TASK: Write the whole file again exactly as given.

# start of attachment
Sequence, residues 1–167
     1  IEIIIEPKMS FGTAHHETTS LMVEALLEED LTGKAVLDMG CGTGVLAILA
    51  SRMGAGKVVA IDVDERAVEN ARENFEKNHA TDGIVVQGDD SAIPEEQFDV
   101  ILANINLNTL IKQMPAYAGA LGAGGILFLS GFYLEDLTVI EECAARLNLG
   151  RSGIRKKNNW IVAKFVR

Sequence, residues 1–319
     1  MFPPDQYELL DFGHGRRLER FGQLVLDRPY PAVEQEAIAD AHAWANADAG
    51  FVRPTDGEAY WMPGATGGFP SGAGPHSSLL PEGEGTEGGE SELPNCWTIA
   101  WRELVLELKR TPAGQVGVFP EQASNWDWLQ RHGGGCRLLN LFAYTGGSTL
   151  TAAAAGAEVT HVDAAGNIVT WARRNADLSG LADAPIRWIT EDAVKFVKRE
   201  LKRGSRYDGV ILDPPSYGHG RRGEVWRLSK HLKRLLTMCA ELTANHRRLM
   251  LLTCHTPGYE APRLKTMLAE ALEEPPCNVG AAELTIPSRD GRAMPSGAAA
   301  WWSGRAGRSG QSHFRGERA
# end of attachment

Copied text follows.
Sequence, residues 1–167
     1  IEIIIEPKMS FGTAHHETTS LMVEALLEED LTGKAVLDMG CGTGVLAILA
    51  SRMGAGKVVA IDVDERAVEN ARENFEKNHA TDGIVVQGDD SAIPEEQFDV
   101  ILANINLNTL IKQMPAYAGA LGAGGILFLS GFYLEDLTVI EECAARLNLG
   151  RSGIRKKNNW IVAKFVR

Sequence, residues 1–319
     1  MFPPDQYELL DFGHGRRLER FGQLVLDRPY PAVEQEAIAD AHAWANADAG
    51  FVRPTDGEAY WMPGATGGFP SGAGPHSSLL PEGEGTEGGE SELPNCWTIA
   101  WRELVLELKR TPAGQVGVFP EQASNWDWLQ RHGGGCRLLN LFAYTGGSTL
   151  TAAAAGAEVT HVDAAGNIVT WARRNADLSG LADAPIRWIT EDAVKFVKRE
   201  LKRGSRYDGV ILDPPSYGHG RRGEVWRLSK HLKRLLTMCA ELTANHRRLM
   251  LLTCHTPGYE APRLKTMLAE ALEEPPCNVG AAELTIPSRD GRAMPSGAAA
   301  WWSGRAGRSG QSHFRGERA